“It’s hard to imagine that it’s accidental,” Denmark’s prime minister, Mette Frederiksen, told reporters Tuesday, while Polish Prime Minister Mateusz Morawiecki blamed Russia, saying “we do not know the details of what happened yet, but we can clearly see that it is an act of sabotage.”
The day of meetings in Brussels comes under the umbrella of the Ukraine Defense Contact Group, an ad hoc alliance of around 50 NATO, EU and other nations that have gathered every few weeks to discuss what military aid can be sent to Ukraine rapidly. Those meetings have spurred the transfer of American-made guided-missile launchers, along with multiple rocket launchers, armored vehicles and artillery systems from across Europe. William LaPlante, the Pentagon’s top acquisitions official, is convening Wednesday’s meeting.
The Pentagon is also expected to announce a new $1.1 billion military aid package to Ukraine on Wednesday, two people with knowledge of the issue told POLITICO. The money will be drawn from the Ukraine Security Assistance Initiative, leaving about $400 million in the account. The fund provides money to allow the U.S. government to sign contracts with defense firms to provide long-term support for Ukraine, including air defense systems, that take longer to build. The news of the package was first reported by Reuters.
There is also $2.8 billion remaining in presidential drawdown authority, which allows President Joe Biden to pull weapons and equipment out of American military stocks for rapid shipment to Kyiv.
Congress is set to approve a new tranche of $12.3 billion in military and economic funding for Ukraine this week as part of a deal to fund the federal government into December.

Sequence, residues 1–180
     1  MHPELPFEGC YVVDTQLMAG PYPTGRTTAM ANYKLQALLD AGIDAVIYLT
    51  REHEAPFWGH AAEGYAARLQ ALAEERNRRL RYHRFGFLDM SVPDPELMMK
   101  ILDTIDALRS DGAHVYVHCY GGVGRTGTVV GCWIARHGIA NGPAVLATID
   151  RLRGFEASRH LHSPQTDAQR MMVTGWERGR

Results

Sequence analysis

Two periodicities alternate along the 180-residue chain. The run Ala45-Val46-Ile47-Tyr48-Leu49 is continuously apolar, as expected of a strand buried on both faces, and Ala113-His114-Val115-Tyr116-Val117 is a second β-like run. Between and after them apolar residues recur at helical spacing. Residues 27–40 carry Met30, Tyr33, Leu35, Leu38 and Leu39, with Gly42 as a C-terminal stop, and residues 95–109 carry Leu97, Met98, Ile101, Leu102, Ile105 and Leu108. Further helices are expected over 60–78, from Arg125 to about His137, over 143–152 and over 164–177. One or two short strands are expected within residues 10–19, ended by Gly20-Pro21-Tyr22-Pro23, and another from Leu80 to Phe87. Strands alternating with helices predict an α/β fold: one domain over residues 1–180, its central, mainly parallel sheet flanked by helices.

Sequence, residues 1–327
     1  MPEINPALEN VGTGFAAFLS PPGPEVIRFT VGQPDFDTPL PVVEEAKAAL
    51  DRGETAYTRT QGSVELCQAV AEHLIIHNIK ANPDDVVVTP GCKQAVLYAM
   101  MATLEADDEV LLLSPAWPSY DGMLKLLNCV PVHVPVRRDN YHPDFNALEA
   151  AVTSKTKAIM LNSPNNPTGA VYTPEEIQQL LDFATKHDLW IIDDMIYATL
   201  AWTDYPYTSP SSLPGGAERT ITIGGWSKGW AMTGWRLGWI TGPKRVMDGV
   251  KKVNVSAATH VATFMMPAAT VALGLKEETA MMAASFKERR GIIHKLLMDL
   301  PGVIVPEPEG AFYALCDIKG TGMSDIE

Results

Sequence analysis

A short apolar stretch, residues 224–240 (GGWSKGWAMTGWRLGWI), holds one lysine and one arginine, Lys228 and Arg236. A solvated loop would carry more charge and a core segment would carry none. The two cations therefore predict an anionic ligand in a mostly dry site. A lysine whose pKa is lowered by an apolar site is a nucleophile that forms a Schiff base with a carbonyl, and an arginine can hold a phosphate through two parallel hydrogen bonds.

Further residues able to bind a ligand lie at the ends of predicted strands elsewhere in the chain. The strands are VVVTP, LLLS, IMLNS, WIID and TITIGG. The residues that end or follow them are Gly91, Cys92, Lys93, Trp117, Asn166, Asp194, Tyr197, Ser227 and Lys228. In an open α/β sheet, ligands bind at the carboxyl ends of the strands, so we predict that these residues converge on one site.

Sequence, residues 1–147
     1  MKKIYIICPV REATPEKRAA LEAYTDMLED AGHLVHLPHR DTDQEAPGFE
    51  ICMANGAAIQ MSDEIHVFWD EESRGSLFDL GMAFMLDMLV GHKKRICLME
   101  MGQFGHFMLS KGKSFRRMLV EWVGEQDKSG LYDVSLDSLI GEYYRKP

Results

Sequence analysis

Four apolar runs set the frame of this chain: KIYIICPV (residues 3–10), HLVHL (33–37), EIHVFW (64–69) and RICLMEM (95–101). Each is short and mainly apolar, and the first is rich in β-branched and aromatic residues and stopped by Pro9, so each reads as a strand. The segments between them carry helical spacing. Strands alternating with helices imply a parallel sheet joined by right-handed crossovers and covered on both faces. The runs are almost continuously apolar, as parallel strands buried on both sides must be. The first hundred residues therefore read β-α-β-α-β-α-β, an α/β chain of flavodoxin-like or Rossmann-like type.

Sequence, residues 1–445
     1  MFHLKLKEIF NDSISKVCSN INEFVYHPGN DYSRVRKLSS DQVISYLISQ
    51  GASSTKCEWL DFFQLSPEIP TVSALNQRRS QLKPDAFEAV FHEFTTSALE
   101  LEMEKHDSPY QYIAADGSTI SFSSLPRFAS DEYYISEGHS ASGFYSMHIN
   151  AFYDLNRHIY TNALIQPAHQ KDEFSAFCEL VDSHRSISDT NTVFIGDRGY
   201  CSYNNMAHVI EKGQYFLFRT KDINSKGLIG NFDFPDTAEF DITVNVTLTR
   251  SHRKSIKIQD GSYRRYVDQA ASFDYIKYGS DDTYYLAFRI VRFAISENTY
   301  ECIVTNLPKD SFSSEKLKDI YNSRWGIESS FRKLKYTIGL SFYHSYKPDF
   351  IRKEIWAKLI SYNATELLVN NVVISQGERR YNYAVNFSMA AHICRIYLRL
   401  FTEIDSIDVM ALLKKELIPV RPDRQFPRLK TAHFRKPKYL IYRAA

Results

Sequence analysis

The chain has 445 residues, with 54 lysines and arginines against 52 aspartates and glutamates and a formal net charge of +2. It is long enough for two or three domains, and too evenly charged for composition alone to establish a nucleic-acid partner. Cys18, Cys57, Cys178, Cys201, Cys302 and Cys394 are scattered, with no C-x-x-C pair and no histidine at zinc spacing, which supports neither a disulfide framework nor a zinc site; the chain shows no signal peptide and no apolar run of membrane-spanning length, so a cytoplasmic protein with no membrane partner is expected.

The funding package includes another $3 billion for the Ukraine Security Assistance Initiative and a fresh $1.5 billion for the U.S. defense industry to backfill weapons and equipment that’s been sent into the fight. Lawmakers are also set to authorize the administration to ship up to $3.7 billion worth of weapons from military stockpiles to Ukraine.
An increased supply of weapons to replace what’s been given to Ukraine couldn’t come quickly enough for frontline states in Europe. They fear that clogged supply chains, dwindling workforces and long lead times will leave their arsenals thinned out, complicating their material support to Kyiv in the months ahead.
“There’s no quick replenishment fix,” a senior Finnish defense official told POLITICO and a group of reporters and experts in Helsinki last week, noting that everyone’s stocks are shrinking fast. “Big wars take a lot of bullets.”
“We are having discussions with the defense industry because like most countries we have taken equipment, weapons, ammunition and so on from our stocks to send to Ukraine,” Norwegian Defense Minister Bjørn Arild Gram told POLITICO during a visit to Washington for meetings at the Pentagon last week. “We will still look into that but at the same time … we have to replenish our own stocks and also purchase more for Ukraine.”
In the meantime, officials in Europe’s east continue to push France and Germany to arm Kyiv, giving Ukraine the firepower it needs and smaller countries enough time to regrow their arsenals. “If other countries did as much as we are doing, the war would be over,” Latvian Defense Minister Artis Pabriks told the same group of reporters and experts in Riga last week.
At issue are calls for Germany to give Leopard main battle tanks to Ukraine to help in its grinding offensives in the south and east, something Berlin has so far refused to do until other allies also send heavy armor. The French are also in the mix for potentially sending more Caesar mobile howitzers to Ukraine, and Foreign Minister Catherine Colonna arrived in Kyiv on an unannounced visit on Tuesday,
Colonna’s visit comes as Moscow completes its forced annexation referendums in occupied eastern Ukrainian, which could allow Putin to falsely declare them as part of Russia.
The votes have been slammed as theater by Western nations, who fear that a Russian announcement that the areas are now part of Russia could lead to nuclear escalation should Ukrainian forces continue their counteroffensives to liberate occupied territory.
Connor O’Brien contributed to this report.